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Forty years later at Taylor Woods: Merging the old and new (P-53)Author(s): John D. Bailey
Source: In: Olberding, Susan D.; Moore, Margaret M., tech coords. Fort Valley Experimental Forest - A Century of Research 1908-2008. Conference Proceedings; August 7-9, 2008; Flagstaff, AZ. Proceedings RMRS-P-53CD. Fort Collins, CO: U.S. Department of Agriculture, Forest Service, Rocky Mountain Research Station. p. 128-135
Publication Series: Proceedings (P)
Station: Rocky Mountain Research Station
PDF: View PDF (643.99 KB)
DescriptionThe Taylor Woods "Levels-of-Growing-Stock" study was established in 1962 to create a replicated ponderosa pine density experiment for the Southwest, making a valuable addition to research in the Fort Valley Experimental Forest. Basal area treatments ranged from 5-20 m2/ha (19-80 ft2/ac) when installed, designed as growing stock levels 30/40, 60, 80, 100, 120 and 150. Residual trees averaged only 12 cm DBH despite being 42 years old. These 0.3- to 0.5-ha (0.75- to 1.24-ac) plots, with three of each growing stock level, were revisited for maintenance on a decadal basis including a recent entry in 2002/3 (the fifth). Once trees averaged 25 cm (10 in), which varied among treatments, plots were maintained at their target basal area per the intent of growing stock studies; all plots were at or above that point in 2002 with the largest trees >50 cm (20 in). Results have shown clear and predictable patterns for height and diameter growth for southwestern ponderosa pine, not different than other parts of the species' range or other species. Lower density plots have shown consistently larger diameters and faster diameter and height growth on an individual tree basis. Stand-level basal area growth is higher at higher densities based on the higher number of trees per plot (and per ha). The density at which stands can achieve maximum basal area growth has varied progressively over the four decades. But beyond such traditional interpretations of density effects on tree and stand growth, the long-term patterns shown at Taylor Woods now provides valuable insights into tree vigor and insect resistance, understory development, fire behavior, ecological restoration and potential implications of regional land management choices in light of climate change.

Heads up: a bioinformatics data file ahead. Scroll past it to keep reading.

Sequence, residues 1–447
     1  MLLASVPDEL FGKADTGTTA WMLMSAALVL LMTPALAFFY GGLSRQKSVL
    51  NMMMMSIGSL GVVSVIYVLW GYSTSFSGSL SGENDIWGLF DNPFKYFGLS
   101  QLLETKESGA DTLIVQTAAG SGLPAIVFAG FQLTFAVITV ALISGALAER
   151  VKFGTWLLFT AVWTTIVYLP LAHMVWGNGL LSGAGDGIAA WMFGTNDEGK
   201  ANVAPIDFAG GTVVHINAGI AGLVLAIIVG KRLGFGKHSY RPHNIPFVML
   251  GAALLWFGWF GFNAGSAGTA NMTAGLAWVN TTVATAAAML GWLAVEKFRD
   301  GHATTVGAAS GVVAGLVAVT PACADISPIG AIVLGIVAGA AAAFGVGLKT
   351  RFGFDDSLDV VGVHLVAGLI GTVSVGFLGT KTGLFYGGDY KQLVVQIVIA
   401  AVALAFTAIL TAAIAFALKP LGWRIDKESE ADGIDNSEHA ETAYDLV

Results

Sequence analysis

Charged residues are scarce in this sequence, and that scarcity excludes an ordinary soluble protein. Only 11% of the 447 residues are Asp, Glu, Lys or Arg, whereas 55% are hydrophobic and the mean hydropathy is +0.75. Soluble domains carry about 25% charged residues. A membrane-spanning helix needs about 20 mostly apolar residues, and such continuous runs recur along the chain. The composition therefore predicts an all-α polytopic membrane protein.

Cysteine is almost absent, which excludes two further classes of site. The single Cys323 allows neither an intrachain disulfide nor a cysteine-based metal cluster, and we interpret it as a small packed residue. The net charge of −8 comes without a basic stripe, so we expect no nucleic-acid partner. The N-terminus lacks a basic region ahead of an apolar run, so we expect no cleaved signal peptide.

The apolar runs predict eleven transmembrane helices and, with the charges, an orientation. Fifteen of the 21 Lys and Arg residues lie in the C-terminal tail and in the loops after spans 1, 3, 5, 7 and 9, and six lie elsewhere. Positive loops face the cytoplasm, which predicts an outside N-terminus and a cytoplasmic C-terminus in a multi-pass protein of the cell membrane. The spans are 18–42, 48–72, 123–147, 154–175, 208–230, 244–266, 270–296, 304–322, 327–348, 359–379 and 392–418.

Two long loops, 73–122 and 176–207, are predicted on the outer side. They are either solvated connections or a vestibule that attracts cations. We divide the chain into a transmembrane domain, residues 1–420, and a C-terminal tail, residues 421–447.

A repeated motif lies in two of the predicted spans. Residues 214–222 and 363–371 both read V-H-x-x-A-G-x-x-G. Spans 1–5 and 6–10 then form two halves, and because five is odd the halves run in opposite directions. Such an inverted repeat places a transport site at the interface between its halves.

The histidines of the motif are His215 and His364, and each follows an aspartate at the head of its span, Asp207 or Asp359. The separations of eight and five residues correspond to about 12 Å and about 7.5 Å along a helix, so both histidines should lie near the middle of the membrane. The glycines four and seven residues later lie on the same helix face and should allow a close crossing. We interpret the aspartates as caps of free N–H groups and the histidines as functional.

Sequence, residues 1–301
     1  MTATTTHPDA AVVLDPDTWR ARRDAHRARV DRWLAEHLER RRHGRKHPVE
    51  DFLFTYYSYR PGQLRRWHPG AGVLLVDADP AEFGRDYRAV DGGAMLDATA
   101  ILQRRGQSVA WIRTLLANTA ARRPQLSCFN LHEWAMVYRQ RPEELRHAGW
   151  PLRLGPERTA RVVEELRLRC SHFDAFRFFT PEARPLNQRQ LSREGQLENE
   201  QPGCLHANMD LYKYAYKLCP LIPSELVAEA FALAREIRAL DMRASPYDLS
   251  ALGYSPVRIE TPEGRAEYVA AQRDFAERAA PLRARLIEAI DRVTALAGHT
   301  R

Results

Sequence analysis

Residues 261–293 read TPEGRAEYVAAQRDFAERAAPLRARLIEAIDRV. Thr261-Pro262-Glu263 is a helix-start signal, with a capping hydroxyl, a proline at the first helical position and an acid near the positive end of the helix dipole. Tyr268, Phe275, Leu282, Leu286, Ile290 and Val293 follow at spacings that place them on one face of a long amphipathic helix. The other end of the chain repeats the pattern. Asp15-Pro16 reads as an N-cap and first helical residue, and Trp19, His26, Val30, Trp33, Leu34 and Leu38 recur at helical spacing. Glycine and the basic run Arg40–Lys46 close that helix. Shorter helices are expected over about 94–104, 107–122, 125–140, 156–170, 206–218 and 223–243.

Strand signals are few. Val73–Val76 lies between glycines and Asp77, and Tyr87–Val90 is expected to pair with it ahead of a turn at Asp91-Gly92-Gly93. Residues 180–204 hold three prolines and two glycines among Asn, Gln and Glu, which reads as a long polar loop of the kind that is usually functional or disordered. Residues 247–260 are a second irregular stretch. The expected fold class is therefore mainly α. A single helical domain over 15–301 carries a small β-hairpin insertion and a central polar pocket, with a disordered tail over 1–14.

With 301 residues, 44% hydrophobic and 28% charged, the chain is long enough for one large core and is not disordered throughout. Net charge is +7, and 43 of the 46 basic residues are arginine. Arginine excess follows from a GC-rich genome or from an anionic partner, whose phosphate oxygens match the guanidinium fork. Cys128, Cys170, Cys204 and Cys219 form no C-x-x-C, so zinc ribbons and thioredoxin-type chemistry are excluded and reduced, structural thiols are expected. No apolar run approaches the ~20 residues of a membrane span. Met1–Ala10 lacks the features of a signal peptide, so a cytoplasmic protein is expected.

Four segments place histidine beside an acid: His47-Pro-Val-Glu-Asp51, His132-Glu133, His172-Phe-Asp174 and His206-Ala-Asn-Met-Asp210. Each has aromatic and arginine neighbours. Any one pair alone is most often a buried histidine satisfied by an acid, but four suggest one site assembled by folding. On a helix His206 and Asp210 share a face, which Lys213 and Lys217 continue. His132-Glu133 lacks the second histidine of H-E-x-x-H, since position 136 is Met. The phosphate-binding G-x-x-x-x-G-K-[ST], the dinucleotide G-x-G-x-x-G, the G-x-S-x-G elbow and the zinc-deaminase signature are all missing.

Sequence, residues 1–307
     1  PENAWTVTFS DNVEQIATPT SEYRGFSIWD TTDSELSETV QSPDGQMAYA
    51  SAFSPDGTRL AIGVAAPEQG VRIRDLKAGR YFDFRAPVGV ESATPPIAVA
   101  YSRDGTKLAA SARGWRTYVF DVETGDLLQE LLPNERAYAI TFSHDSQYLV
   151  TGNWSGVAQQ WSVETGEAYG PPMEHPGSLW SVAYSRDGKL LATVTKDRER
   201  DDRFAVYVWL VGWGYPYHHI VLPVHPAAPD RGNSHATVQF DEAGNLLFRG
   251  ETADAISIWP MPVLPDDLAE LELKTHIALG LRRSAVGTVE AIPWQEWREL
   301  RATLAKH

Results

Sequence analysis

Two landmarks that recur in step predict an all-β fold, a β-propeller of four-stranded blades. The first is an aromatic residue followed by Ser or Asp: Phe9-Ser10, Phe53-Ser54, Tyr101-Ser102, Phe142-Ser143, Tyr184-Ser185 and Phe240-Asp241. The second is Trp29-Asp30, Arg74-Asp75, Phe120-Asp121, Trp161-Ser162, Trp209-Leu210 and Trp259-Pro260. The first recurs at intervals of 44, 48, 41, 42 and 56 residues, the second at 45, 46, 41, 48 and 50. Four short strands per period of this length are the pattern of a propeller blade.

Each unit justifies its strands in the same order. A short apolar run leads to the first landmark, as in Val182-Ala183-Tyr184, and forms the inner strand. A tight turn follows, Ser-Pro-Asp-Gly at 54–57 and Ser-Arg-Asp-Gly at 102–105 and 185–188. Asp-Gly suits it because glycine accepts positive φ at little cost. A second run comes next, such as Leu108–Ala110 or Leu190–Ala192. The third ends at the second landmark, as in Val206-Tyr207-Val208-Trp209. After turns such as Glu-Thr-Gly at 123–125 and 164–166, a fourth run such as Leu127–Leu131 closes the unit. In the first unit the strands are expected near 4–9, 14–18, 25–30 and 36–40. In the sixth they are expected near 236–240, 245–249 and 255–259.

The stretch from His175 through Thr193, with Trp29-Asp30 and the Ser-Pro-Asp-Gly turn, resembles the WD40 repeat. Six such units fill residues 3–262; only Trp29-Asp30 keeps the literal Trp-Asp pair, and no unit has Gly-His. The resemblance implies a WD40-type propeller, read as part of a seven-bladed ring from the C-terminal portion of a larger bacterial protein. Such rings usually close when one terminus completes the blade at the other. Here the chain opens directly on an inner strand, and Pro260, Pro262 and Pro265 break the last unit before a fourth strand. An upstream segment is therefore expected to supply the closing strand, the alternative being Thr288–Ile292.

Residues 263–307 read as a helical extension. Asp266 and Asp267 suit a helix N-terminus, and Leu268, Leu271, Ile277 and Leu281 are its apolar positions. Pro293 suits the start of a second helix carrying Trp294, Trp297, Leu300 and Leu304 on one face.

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CitationBailey, John D. 2008. Forty years later at Taylor Woods: Merging the old and new. In: Olberding, Susan D.; Moore, Margaret M., tech coords. Fort Valley Experimental Forest - A Century of Research 1908-2008. Conference Proceedings; August 7-9, 2008; Flagstaff, AZ. Proceedings RMRS-P-53CD. Fort Collins, CO: U.S. Department of Agriculture, Forest Service, Rocky Mountain Research Station. p. 128-135
Keywordslong-term research, ponderosa pine, range research, silviculture, cultural resources, Fort Valley Experimental Forest, Long Valley Experimental Forest, http://www.rmrs.nau.edu/fortvalley/
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